Yes, these wild turkeys are on the march, most likely anticipating the impending shift from glorious fall days to winter. Wes and I were fortunate to witness this turkey stroll several weeks ago at Moraine View State Park-they exuded grace and confidence while walking calmly along the main park road no less. Most of those fall leaves are gone now, especially with the steady rain we have had all day today. A Cooper's hawk took shelter from the rain in our goat barn this morning, flushing English Sparrows and Starlings into the cold and wet. The result was an eerie silence (except for the sounds of goats munching on their morning hay and occasional snorts as they rid their nostrils of hay dust). I sometimes wish the hawk would take up more permanent residence inside the barn, as non-native sparrows and starlings are just messy rats with wings. It was clear that neither the goats nor the chickens were bothered by his presence, and they certainly didn't miss the squaking sparrows either.
This is the time of year that we start peeling off outdoor farmers' markets. We're down to Urbana this Saturday, November 5th. NEXT WEEK (NOVEMBER 12TH) WE WILL START THE INDOOR MARKET SEASON AT BOTH URBANA (INSIDE LINCOLN SQUARE MALL NEAR ARTMART) AND GREEN CITY MARKET (AT THE PEGGY NOTEBART NATURE MUSEUM)-STAY POSTED FOR DETAILS ON BOTH OF THESE HOLIDAY MARKETS. The weather forecast is calling for warm and sunny, so you have no excuses but to come out and support your local farmers. We have a nice repertoire of cheese and gelato for you:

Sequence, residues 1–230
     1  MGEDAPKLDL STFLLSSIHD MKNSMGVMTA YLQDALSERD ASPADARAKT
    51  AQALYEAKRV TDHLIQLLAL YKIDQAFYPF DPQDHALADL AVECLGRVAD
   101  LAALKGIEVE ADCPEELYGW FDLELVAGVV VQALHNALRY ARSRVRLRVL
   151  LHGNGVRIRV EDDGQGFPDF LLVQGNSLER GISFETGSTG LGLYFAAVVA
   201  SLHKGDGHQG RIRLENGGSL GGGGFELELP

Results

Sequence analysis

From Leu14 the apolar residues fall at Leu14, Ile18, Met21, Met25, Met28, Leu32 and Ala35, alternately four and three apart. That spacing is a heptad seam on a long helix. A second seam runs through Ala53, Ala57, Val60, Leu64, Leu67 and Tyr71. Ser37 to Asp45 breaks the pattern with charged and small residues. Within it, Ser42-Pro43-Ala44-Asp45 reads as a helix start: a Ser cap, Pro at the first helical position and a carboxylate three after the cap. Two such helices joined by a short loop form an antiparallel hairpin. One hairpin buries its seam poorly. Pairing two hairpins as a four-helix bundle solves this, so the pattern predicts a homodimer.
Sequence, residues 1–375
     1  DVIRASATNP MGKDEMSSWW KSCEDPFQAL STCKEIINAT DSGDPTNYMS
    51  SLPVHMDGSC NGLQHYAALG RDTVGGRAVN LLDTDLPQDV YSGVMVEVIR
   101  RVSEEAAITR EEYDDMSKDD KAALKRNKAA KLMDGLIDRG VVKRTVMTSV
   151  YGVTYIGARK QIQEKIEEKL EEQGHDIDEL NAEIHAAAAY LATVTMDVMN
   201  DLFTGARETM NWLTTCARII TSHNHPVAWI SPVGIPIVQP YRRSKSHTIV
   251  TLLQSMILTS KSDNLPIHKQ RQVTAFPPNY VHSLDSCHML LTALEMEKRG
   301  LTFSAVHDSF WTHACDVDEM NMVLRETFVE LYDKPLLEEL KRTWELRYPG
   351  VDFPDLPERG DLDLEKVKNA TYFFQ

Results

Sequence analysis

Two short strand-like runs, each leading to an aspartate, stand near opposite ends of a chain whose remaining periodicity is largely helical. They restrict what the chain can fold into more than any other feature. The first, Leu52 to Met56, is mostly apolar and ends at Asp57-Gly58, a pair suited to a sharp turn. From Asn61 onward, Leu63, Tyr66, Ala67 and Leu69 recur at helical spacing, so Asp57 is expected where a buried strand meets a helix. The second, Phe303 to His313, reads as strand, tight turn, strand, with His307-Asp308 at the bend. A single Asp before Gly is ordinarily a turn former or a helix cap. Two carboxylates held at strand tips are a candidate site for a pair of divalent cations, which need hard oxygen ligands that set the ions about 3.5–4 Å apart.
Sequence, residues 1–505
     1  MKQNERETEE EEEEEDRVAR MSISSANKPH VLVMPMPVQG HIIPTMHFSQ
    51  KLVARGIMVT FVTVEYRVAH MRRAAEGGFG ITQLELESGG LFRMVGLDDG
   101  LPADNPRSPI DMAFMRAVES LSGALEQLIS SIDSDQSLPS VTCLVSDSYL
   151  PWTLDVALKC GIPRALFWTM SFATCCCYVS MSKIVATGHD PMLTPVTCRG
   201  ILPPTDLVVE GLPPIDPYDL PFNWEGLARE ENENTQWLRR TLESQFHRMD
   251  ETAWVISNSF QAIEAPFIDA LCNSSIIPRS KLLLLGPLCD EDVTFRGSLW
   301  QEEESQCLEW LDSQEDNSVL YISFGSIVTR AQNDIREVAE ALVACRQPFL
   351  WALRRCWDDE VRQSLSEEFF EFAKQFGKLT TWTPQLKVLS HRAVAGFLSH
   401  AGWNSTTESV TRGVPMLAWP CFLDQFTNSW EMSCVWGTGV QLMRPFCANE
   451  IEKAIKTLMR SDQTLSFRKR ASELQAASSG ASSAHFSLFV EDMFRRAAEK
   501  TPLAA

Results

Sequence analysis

- Fresh chevre--plain, herbs de Provence, cracked pepper--get it while it's plentiful
- Angel Food--while just ripe, the cheese has a definitely creaminess, now that the goats' milk butterfat content is on the rise
- Fresh Goat Milk Ricotta--it is nice 'n sweet--perfect for a pasta dish or pairing with fresh fruit and honey
- Moonglo-this batch of our raw goat milk tomme was made in July during the height of the heat and drought. The texture is a bit drier than our early and late lactaction batchs, but the flavor is slightly tangy and complex, reminiscent of those sizzling summer nights (seems like a very distant memory right now)